Is your loved one struggling? How would you know?
The world has changed for us all over the past few months and no one really understands what their new normal is anymore. It’s quite possible that your frequent visits to your loved ones homes have been reduced to doorstep drop offs and daily phone calls.
So how would you know if they are struggling right now? Below are some early warning signs that we know can suggest a senior isn’t doing too well. In our current climate, it’s hard to know if your parent is eating OK or managing their medications. Do your best with phone calls to try and probe a little as to what they’re up to, or if you’re able to video call, ask them to show you around if that’s possible. If you are still visiting, with precautions, bear in mind the following which could be a sign that they’re failing to cope.
1- Housework is neglected: It could be obvious such as newspapers stacked in the living room or it could be less obvious such as dirty bathrooms and unchanged sheets. Neglecting housework could be a sign of physical decline and mental decline. It can become unhygienic quickly and increase the risk of illness.
2- Personal hygiene is neglected: Things such as wearing the same clothing for several days, infrequent bathing, not shaving and not brushing teeth. These can all be warning signs for cognitive decline or depression.
3- Medication mismanagement: Things to observe would be blister packs with random days used and others unopened or full blister packs or pill bottles, or sometimes tablets on the floor. Managing medication can be difficult especially when taking several medications, several times a day. If you are noticing your aging parent is not able to manage the medication on their own this can be extremely dangerous.
4- Unused upper or lower levels: If your mom or dad is living in a multi-level house, check if the upstairs and downstairs are being used. Another sign to look out for, is a slept on the couch or chair. If they are using any type of assisted device such as a walker or cane, ask them how they use the stairs. Not being able to use the stairs safely can be a major fall risk, especially if they live alone.
5- Have not left the house in a long time: Right now, this is not being encouraged, so it’s tricky to use this as an example, but social isolation is common in older adults and can result in other health conditions and a rapid health decline. Making sure you’re keeping in touch, as frequently as you can, can be of huge benefit. Out of the Covid-19 restrictions, checking to see when they were last in touch with friends, or went to a social program; went for a walk, went to church etc can give you some indication as to their enthusiasm and engagement.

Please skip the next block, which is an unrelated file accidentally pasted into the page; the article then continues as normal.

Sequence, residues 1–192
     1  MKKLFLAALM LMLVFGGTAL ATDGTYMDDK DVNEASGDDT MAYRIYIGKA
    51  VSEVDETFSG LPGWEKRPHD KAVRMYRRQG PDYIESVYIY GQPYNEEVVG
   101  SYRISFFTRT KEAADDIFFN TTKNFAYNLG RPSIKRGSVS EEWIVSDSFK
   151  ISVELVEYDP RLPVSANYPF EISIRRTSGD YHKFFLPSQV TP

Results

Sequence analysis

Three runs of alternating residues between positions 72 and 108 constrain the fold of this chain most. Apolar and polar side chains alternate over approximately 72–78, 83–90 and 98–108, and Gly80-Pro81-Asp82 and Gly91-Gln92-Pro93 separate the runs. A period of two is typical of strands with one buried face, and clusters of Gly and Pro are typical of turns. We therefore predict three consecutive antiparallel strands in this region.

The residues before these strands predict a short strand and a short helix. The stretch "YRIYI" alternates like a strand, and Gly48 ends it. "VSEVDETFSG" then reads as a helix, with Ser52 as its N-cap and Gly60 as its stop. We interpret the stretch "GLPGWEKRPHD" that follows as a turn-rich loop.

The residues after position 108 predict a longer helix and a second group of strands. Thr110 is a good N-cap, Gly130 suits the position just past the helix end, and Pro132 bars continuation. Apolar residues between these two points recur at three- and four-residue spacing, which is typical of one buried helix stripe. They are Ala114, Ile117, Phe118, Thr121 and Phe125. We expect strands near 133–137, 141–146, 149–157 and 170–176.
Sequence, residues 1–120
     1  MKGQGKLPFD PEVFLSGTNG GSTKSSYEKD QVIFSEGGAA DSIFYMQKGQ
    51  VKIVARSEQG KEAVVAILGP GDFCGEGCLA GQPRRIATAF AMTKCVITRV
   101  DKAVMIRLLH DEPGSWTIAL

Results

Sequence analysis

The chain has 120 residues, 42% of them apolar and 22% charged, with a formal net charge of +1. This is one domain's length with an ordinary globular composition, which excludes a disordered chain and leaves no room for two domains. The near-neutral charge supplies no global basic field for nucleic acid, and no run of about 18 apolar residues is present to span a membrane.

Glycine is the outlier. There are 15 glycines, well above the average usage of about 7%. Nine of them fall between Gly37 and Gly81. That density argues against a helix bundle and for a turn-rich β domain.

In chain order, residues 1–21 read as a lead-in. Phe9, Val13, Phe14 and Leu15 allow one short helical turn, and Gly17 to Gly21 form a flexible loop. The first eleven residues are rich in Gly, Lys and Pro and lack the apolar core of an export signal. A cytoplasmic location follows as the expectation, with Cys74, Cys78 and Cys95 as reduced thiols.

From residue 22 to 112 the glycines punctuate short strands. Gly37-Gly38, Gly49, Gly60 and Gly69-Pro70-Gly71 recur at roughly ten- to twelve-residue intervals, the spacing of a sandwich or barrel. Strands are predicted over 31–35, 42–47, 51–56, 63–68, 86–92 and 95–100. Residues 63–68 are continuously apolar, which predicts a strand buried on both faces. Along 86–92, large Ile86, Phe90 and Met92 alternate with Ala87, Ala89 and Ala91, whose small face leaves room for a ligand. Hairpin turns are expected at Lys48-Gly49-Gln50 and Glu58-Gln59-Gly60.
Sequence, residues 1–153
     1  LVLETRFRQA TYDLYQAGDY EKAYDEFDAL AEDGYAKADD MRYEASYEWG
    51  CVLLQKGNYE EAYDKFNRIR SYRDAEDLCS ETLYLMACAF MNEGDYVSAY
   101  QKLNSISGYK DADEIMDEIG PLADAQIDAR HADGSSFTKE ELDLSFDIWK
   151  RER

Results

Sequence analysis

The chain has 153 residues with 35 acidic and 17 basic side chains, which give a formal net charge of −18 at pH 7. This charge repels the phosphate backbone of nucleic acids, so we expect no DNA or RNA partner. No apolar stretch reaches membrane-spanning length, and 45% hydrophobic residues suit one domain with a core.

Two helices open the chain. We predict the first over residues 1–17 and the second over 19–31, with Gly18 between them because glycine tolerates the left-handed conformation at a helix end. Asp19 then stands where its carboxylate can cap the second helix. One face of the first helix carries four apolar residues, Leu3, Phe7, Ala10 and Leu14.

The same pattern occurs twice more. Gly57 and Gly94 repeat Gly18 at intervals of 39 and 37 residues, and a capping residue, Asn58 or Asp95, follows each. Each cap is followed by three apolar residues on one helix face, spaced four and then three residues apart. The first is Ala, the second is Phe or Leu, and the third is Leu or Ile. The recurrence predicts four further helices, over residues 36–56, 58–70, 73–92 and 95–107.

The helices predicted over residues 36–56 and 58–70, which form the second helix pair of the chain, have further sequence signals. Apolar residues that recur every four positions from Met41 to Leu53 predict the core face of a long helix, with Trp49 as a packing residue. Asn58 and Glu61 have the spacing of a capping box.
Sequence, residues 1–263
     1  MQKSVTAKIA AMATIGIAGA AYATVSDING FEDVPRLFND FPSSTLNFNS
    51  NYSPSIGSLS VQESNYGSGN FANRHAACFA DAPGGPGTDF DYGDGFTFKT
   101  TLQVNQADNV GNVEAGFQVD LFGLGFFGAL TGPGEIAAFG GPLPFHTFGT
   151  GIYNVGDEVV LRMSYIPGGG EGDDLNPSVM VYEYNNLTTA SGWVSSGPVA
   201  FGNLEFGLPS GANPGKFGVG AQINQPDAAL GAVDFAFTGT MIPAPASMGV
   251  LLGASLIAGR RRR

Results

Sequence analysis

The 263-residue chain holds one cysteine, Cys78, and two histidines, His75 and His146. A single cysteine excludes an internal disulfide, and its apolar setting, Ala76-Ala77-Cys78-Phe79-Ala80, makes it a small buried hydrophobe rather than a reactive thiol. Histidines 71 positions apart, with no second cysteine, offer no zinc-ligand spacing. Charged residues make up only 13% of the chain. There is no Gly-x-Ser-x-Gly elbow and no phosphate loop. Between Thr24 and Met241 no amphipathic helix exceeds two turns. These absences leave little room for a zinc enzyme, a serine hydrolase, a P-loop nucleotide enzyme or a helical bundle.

6- Empty fridge and cupboard: Again, it may be that you’re helping out by doing grocery shopping for your parent and therefore know what items they’ll have in their fridge and cupboards. Are they eating them though or is prepping for meals too much? Ask them how they enjoyed a specific item you bought, or if you’re making meals for them, if they could tell that you’d changed the recipe for example. A lack of appetite can indicate depression or cognitive decline, and a disinterest in making food or preferring something frozen or tinned, can indicate it’s too hard to follow instructions or to do any food prep. Accessing food could also be their problem, if you’re out of town and they’re having to rely on transportation to get to the stores. Delivery services are becoming far more popular and there are many community groups at the moment pooling together to offer grocery shopping and delivery to those most viulnerable.
When visiting or chatting with your aging parent if you’re noticing any of these warning signs it is important to have a conversation with them about it and not just ignore it. All of these warning signs alone and in combination can be a sign that they are not able to cope at home anymore.
Whether they are in denial about it or seeking assistance a Senior Living Advisor can help. We can facilitate that conversation between you and your mom or dad and help guide the conversation about what life might be like if they were to live at a Retirement Home or in Assisted Living. We can also help educate about what aging at home can look like and help get resources in place to ensure your parent is safe while staying at home, with the addition of home care, companionship, meal preparation and cleaning services.
If a Retirement Home is the preferred option or something you’d like to explore, we’re able to quickly provide you with information, pricing, care support levels and other information to help you make informed decisions today, with the future in mind.
Call us at 613-421-6073 or email firstname.lastname@example.org
We provide the following free services:
1 – Rapid Resources & Referrals.
2 – In Person Visits (Zoom calls or phone chats right now unfortunately as we all socially distance).
3 – Arrange and Escort on Tours (again, we can provide virtual tours and presentations or get pictures of specific accommodations and living areas sent to you).
4 – Advocacy during the selection and move in process.
5 – Resources for additional services.